When men live more for the remembrance of what has been than for the care of what is, and when they are more given to attend to what their ancestors thought than to think themselves, the father is the natural and necessary tie between the past and the present . . . When the condition of society becomes democratic, and men adopt as their general principle that it is good and lawful to judge of all things for oneself, using former points of belief not as a rule of faith but simply as a means of information, the power which the opinions of a father exercise over those of his sons diminishes as well as his legal power. (1840, p. 232)
This is a profound passage. It reveals Toqueville's ambivalence toward democracy -- his scorn for this unthinkingly attached to the old order combined with his worry over the illiberal tendencies of the undifferentiated mass. The loss of the social tie to the past which the relation of son to father manifested led to the more general loss of social stability.
Durkheim saw some of the same tendencies reflected in the weakening of the influence of religion with the growth of egoism. The authority of religion is inextricably linked to its ability to 'socialize', that is, to collectively determine the individual natures of its members. Religious institutions can only protect us from egoistic suicide, thus,
insofar as we are socialized; but religions can socialize us only insofar as they refuse us the right of free examination. They no longer have, and probably never will have again, enough authority to wring such a sacrifice from us. (1897, p. 376)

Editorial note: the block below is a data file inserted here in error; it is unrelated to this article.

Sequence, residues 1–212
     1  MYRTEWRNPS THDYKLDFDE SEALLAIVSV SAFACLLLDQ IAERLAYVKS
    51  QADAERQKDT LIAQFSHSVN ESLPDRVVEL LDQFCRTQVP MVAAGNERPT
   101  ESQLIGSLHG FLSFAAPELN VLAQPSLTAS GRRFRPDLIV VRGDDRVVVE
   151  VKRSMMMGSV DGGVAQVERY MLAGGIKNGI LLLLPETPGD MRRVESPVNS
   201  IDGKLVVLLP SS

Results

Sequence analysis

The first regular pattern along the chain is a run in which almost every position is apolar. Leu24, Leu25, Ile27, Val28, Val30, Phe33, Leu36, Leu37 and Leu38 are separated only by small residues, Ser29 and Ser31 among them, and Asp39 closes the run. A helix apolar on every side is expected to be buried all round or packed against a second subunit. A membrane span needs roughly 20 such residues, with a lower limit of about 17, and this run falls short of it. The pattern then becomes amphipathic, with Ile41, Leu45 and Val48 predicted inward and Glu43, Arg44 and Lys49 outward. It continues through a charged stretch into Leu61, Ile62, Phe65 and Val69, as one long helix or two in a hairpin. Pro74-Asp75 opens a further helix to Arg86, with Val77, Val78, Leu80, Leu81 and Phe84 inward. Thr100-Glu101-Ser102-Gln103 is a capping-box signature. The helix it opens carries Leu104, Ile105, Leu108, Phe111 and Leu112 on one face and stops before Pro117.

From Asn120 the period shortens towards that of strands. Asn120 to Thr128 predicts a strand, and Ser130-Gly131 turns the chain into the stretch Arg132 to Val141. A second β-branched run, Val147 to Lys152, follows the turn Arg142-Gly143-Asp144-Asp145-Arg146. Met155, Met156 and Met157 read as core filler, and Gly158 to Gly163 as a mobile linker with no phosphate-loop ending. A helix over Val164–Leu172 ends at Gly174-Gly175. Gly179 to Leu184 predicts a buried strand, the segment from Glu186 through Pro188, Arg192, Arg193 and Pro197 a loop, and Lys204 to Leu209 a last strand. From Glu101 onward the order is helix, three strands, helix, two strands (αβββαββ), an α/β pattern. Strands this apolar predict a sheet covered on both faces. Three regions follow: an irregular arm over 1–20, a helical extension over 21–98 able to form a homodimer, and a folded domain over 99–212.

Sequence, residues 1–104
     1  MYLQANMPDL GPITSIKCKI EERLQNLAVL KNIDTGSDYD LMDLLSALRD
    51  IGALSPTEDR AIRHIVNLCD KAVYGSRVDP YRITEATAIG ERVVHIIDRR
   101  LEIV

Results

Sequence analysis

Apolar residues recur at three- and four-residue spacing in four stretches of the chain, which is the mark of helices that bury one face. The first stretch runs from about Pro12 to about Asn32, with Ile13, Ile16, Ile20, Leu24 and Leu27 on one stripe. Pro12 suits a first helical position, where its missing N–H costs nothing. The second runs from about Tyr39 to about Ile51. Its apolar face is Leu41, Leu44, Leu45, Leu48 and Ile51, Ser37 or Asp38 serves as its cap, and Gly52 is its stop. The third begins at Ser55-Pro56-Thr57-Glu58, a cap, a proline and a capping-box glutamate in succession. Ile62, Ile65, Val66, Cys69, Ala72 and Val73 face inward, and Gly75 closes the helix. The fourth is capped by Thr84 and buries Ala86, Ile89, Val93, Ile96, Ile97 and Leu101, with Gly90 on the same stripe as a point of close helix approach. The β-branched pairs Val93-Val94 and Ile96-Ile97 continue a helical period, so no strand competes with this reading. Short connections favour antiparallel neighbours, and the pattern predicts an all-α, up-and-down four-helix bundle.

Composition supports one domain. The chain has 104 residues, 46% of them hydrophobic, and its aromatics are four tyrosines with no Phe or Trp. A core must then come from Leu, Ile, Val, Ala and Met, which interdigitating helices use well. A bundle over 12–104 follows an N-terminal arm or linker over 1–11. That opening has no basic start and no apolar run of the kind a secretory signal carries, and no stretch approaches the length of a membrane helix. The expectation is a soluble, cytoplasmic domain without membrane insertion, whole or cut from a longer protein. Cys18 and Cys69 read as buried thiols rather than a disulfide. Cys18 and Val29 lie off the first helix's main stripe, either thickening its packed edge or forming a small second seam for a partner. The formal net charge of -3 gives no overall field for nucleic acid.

We may question Durkheim's assessment of the extent and permanence of the destruction which the processes of rationalization brought to religion, but the central point is clear. Authority requires unquestioned acceptance. Even a bureaucracy must founder if authority is constantly questioned and changing (cf. Weber, 1921, p. 196). We thus see that a key variable in any consideration of authority must be social stability. The two are not identical, but they reciprocally influence each other. Stability allows for greater extent, range and duration of authority under certain circumstances (although not always) and authority tends to produce stability (see Chapter 8). This relationship is strongest for traditional authority (as opposed to, say, the authority of an ideological principal or a charismatic leader in a jihad).
We have not the space to look further at authority in general or at specific types other than traditional authority. It may be taken, at least as an hypothesis, that much of the present argument could be extended to deal with other manifestations of authority. This would then become a complex variable, with its extent a compound of a number of somewhat discrete dimensions. Thus, duration and stability have more direct effect in determining the extent of traditional authority than they do charismatic authority. The overall variable cannot be effectively considered without some differentiation and accounting for the specific conjunctions of the multiple dimensions. Again, here we take traditional authority both as specific interest and paradigmatic case.
One conception of traditional authority which has been widely influential in social theory despite being largely incorrect in empirical reference is Weber's:
Domination that rests upon this basis,that is, upon piety for what actually, allegedly, or presumably has always existed, will be called 'traditionalist authority.' Patriarchalism is by far the most important type of domination the legitimacy of which rests upon tradition . . . It is a characteristic of patriarchal and patrimonial authority, which represents a variety of the former, that the system of inviolable norms is considered sacred; an infraction of them would result in magical or religious evils. (1915, p. 296)